# ... public entry point
def compat(A,SR,SC):
    # allocate row and colmun slections
    selR_KD,selC_KD = np.zeros((K,K),np.uint8),np.zeros((K,K),np.uint8)
    AT = [TKK(a) for a in A]
    AT = TKK(A)
    # look up compatible rows and columns using the precomputed table
    CAR_FL = [np.all([(pp_FL[a[i]] == s[i])
                      for a,s in zip(A,SR)],axis=0).nonzero()[0]
          for i in range(K)]
    CAC_FL = [np.all([(pp_FL[a[i]] == s[i])
                      for a,s in zip(AT,SC)],axis=0).nonzero()[0]
          for i in range(K)]
    CAR_KD = [np.transpose(np.unravel_index(c,K*(N,))) for c in CAR_FL]
    CAC_KD = [np.transpose(np.unravel_index(c,K*(N,))) for c in CAC_FL]
    yield from map(np.ravel_multi_index,_compat(
        CAR_KD,CAC_KD,selR_KD,selC_KD,0,0),it.repeat(K*(N,)))

# given a list A of patterns and a test pattern B determine whether B separates
# A, i.e. whether each pattern in A scores differently against B

# this is the single most expensive operation
# to speed it up we use an arcane numpy feature
# when using advanced assignment with an index that contains duplicates while
# the data assigned do not then after reextraction using the same index
# the resulting vector will have the same number of elements as the original
# vectors but each group of elements that went through the same index value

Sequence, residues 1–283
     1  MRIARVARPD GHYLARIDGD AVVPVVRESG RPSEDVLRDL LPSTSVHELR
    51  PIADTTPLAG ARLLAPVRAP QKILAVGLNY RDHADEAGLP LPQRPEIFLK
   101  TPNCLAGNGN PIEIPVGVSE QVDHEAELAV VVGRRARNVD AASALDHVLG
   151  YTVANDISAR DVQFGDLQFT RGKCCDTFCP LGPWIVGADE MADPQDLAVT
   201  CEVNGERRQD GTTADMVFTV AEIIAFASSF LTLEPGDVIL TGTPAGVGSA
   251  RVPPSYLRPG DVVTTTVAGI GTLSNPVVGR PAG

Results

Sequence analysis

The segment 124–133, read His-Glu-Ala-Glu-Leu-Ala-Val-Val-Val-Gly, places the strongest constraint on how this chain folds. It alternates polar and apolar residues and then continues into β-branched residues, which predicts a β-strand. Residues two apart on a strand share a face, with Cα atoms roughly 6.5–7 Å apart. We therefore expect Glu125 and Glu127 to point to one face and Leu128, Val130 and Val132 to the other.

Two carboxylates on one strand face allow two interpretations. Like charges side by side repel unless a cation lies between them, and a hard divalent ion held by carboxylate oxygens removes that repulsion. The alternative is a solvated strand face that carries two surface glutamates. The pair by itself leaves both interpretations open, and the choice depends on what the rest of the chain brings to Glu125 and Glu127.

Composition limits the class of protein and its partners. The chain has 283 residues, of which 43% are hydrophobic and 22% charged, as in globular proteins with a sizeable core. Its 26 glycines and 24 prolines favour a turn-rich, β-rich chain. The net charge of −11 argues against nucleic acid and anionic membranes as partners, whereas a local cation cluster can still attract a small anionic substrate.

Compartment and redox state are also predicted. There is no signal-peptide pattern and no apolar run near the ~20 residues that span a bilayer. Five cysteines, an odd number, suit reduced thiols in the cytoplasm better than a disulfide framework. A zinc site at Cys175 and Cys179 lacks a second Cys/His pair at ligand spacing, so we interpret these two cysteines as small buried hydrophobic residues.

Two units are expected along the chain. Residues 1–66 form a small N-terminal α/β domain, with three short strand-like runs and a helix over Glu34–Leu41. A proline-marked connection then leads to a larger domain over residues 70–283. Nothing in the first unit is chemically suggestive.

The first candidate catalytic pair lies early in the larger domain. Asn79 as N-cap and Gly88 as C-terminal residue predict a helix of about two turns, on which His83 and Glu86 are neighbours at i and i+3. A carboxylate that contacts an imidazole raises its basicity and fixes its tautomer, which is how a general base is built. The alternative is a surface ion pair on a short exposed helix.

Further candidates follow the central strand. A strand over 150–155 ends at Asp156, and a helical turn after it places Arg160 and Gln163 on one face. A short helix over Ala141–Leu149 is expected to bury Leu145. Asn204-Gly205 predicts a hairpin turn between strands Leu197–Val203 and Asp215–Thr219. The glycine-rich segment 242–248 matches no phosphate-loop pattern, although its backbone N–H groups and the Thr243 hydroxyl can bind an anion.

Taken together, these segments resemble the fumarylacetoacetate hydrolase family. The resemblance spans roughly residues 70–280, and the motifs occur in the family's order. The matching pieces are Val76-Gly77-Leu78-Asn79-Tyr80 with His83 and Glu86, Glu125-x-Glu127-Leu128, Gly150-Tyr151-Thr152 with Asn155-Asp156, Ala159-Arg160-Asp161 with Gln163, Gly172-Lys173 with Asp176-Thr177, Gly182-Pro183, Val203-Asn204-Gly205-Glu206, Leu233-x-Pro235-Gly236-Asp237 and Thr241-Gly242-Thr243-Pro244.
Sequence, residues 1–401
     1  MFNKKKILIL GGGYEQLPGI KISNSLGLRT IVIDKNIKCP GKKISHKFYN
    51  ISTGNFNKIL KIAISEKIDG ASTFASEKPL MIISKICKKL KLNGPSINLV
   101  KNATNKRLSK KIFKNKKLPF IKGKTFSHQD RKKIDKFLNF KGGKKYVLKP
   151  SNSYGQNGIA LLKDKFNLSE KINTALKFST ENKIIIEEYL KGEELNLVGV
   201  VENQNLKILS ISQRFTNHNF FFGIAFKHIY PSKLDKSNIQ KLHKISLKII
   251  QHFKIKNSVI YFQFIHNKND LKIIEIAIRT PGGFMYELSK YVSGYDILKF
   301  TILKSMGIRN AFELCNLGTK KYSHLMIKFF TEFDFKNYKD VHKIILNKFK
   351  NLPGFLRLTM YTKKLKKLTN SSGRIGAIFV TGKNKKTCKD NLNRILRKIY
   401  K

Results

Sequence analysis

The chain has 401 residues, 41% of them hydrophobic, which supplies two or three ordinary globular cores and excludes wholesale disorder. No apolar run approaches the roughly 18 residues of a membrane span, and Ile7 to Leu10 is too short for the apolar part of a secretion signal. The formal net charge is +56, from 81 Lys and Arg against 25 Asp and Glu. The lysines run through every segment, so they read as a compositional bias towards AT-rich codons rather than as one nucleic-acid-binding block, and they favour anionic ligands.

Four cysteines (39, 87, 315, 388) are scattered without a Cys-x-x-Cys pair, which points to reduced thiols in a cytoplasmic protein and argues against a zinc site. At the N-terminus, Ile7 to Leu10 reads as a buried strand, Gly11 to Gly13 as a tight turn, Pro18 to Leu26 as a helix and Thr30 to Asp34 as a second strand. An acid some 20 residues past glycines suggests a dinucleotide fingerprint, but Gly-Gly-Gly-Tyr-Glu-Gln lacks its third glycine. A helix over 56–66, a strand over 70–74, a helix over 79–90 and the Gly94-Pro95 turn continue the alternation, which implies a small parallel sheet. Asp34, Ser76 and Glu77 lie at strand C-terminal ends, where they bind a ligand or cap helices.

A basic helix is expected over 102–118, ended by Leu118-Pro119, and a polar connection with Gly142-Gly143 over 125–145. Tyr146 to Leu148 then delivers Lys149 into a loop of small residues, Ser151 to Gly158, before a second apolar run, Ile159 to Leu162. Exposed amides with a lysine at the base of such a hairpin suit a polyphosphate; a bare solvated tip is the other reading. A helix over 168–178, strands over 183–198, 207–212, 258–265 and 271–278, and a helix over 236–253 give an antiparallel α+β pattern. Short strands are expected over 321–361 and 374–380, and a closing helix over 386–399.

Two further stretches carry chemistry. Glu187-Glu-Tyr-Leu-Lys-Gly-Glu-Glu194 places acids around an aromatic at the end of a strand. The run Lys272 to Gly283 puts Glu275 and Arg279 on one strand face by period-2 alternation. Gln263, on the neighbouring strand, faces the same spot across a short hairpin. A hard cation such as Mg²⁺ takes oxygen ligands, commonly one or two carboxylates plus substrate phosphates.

# will all have been mapped to a single one of their original values the others
# being lost; which of the values is the one to be retained is undocumented

# for this trick to work we need an address space of size detemined by the
# largest possible index number
# in our case indices are full sets of scores; encoding each row and column
# independently this requires N_pp^2 x 2 x log2(N_pp) / 3 bytes of buffer

# we can, however make a small saving by using the fact that the total
# number of black pins must be the same over all rows and over all columns

# as an ugly but efficient optimisation allow transposes to be computed outside
# the function so it has to be done only once
def separates(B,BT,A,AT):
    NA = len(A)
    R = np.ravel_multi_index((*pp_FL[A,B].T,*pp_FL[AT,BT].T[:3],
                              tp_FL[AT,BT].T[3]),(2*K-1)*(n_pp,) + (K+1,))
    ws[R] = np.arange(NA)
    coll, = (ws[R] != np.arange(NA)).nonzero()
    return len(coll)

# this loop finds the third test pattern using biased random updates